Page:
The third plague was initiated by striking the sand. But Moses simply could not hit the sand himself. He remembered the day he killed the Egyptian taskmaster who had beaten the Jew for no good reason, and he had then hidden his body in the sand. If he had not hidden that body, the Egyptians would have found out what he did sooner, and they would have arrested him and put him on trial for murder. So he said to himself: How can I hit the sand which saved my life, and he turned the staff over to Aaron, and let Aaron strike the sand instead of him.
It sounds completely crazy. We all know that rivers and sand dunes don’t have feelings, and therefore the idea of not hitting them out of gratitude makes no sense to us. But Rashi goes one step further. This is where the abductive reasoning reaches a zenith. Rashi says that the Torah included this cryptic reference to teach us a lesson in how to behave in our own lives. If you need to remember to be grateful to inanimate objects, as Moses was, then Rashi says: “Al achat kama vekama—how much more so ought we to be grateful to any living human beings who have ever done us a favor?”
You might think that gratitude is important because a human being ought to be grateful to those who have been good to him. But there is a second reason as well. It will not only brighten the life of the person you thank, but it will make your life more meaningful.
And although I can’t tell you this for sure, but I think it will not just enhance your life, but lengthen it.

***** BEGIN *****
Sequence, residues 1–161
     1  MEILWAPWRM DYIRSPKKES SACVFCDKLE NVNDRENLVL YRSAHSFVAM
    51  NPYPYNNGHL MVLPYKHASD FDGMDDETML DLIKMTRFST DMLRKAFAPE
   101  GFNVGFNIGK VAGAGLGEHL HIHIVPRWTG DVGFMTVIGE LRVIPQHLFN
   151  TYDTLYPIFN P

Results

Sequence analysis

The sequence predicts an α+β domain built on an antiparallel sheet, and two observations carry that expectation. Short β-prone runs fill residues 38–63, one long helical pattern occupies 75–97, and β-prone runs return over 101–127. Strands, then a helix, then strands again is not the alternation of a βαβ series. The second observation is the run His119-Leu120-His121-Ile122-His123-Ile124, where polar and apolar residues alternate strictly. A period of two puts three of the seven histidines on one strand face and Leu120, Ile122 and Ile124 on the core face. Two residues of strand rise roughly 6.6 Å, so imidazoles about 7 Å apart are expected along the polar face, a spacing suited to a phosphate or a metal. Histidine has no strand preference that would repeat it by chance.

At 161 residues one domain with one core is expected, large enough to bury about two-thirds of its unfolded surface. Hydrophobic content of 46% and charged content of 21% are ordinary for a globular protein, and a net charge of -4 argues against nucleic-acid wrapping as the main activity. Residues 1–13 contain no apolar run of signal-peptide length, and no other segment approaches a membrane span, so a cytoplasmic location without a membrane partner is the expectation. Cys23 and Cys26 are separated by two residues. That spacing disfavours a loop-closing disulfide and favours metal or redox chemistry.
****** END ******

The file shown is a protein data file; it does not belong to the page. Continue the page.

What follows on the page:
My great-aunt Yochi, my mother’s aunt, was born in 1900. I knew her well. She died in 2002, just short of her 102nd birthday. She got married late to an older man, and they had one child, who was mentally handicapped.
When the Nazis overran Holland in 1940 they took her child away from her and euthanized him. She never had another child. She and her husband went into hiding and survived the Holocaust, but her husband died in 1959, and she was left on her own for the remainder of her life.
But she was never on her own. She treated her nieces and nephews like her own children, and she was a regular visitor at our home. She was quite a wealthy woman, and traveled all over the world. At some point I must have told her I collected stamps, and from that point on she would send me stamps from the most exotic places you could imagine. To this day I can open a random book in my study and a little envelope will fall out, containing stamps from Bolivia, or Thailand.
Tante Yochi loved celebrating her birthday. Every year she would invite us to join her either in Holland, or in London, and she would arrange a great party.
I particularly remember her ninetieth birthday in 1990. Nowadays, turning ninety is not such a big deal. Lots of people do it. But in 1990 it was a real milestone, and what was even more unbelievable was that she was young physically – like a 70 or 75-year-old. The year before that she had gone skiing with our family in St Moritz.